Ellen Levy combines art with science, most recently by joining images with neuroscientific concepts like inattention blindness, the inability to see something directly in front of you if distracted. Click on the video to see how Levy has turned this theory into art. The video was the result of collaboration between the artist and neurophysiologist Michael E. Goldberg, Director of the Mahoney Centre for Brain and Behavior at New York’s Columbia University. Follow the directions carefully, stay to the very end, and do not read her explanation until you are through watching.
You should watch the video full screen. Follow the directions carefully, stay to the very end, and do not read her explanation until you are through watching.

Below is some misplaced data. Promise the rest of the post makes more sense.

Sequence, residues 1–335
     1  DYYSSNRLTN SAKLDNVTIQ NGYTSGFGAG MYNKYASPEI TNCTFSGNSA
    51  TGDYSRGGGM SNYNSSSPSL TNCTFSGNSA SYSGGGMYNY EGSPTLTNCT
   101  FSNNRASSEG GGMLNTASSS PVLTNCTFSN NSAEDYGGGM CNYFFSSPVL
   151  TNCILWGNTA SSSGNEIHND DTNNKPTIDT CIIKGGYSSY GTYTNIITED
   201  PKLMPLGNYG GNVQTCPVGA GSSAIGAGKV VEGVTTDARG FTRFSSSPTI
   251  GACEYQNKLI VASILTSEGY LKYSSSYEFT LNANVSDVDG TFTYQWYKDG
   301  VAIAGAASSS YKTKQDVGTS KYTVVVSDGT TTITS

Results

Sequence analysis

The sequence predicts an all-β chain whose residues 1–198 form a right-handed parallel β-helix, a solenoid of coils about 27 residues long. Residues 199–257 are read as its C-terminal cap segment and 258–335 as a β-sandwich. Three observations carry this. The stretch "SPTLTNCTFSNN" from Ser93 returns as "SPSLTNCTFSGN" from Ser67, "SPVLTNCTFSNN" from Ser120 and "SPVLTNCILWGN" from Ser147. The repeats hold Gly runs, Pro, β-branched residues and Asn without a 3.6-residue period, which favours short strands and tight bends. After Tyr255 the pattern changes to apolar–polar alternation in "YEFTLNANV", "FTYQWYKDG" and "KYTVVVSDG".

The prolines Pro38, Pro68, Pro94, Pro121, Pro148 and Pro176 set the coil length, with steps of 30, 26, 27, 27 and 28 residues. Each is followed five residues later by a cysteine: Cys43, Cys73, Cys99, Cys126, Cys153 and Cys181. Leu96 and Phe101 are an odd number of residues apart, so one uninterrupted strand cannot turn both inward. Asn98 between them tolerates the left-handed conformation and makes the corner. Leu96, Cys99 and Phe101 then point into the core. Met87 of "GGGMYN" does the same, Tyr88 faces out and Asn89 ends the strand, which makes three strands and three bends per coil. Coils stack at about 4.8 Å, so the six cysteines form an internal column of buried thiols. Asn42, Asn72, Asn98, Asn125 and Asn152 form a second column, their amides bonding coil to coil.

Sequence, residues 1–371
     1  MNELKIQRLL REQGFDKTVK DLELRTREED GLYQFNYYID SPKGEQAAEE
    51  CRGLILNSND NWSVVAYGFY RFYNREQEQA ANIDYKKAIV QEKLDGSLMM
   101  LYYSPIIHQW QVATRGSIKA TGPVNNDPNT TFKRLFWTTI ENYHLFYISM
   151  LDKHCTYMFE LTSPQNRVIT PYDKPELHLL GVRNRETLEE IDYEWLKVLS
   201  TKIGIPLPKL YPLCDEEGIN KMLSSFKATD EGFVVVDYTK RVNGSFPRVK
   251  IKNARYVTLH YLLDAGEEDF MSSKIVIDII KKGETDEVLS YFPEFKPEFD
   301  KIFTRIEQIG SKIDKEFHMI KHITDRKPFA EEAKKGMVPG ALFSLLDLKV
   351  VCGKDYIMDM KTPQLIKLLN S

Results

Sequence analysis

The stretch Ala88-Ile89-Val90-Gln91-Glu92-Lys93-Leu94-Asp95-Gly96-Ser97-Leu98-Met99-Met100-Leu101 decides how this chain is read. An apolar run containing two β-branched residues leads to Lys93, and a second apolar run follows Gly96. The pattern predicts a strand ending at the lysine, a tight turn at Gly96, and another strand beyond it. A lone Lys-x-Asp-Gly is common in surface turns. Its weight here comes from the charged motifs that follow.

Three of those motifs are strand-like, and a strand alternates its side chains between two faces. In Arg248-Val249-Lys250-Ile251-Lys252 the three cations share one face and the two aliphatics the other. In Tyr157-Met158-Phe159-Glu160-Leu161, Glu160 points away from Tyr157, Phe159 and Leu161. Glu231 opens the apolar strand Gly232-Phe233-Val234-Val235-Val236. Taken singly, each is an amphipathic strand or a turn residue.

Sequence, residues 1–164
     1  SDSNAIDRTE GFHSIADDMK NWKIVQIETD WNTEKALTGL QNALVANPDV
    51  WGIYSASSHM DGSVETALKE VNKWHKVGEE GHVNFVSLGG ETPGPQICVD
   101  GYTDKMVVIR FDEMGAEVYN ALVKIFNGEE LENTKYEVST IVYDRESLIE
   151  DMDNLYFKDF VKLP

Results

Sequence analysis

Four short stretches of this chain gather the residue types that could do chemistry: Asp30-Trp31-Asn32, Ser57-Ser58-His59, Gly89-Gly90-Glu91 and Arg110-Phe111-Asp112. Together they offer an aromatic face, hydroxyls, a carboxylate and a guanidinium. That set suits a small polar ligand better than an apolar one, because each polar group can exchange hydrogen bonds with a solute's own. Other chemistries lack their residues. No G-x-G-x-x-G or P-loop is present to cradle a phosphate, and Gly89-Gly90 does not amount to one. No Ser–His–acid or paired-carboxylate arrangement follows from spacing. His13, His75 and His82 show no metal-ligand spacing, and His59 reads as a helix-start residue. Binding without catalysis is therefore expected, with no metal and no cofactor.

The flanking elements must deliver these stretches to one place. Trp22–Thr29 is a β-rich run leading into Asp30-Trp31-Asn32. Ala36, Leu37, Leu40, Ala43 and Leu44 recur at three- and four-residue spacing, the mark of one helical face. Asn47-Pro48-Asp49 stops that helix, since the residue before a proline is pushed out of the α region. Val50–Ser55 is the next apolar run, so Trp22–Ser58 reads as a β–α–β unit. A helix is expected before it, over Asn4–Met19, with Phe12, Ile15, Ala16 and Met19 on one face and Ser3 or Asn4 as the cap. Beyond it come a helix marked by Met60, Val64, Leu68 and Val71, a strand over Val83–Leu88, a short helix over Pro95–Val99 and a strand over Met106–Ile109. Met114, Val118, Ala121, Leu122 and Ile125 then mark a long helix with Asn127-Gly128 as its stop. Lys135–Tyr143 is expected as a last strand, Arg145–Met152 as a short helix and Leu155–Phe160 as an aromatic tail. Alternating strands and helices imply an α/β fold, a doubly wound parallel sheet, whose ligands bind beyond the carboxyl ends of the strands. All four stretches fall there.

Ellen Levy’s Explanation of What You Saw (or Did Not See)
Those of you who have viewed the animation and followed the assigned task at the beginning (to count the number of times the Queen of Hearts appear in a fast card game) will probably not have seen the objects disappear in the background. The background consisted of images of ten antiquities that were looted from Iraq during the 2003 invasion. The video was loosely modeled after psychologists Daniel J. Simons and Christopher F. Chabris’s 1999 study, “Gorillas in our midst: sustained inattentional blindness for dynamic events,” a movie sequence of a complex basketball scene during which observers were directed to count the number of ball exchanges made in a game. During the movie, few subjects noticed that an actor dressed in a gorilla suit walked through the scene. My intention was different; I aimed to see whether an art installation could redirect the viewers’ attention from a 3-Card Monte game to focus instead on the looting that followed the war. Many viewers could do so after they had viewed the entire installation and after seeing the video again, which suggests that the salient, contextual qualities of art can often succeed in shifting the viewing priorities of the spectators.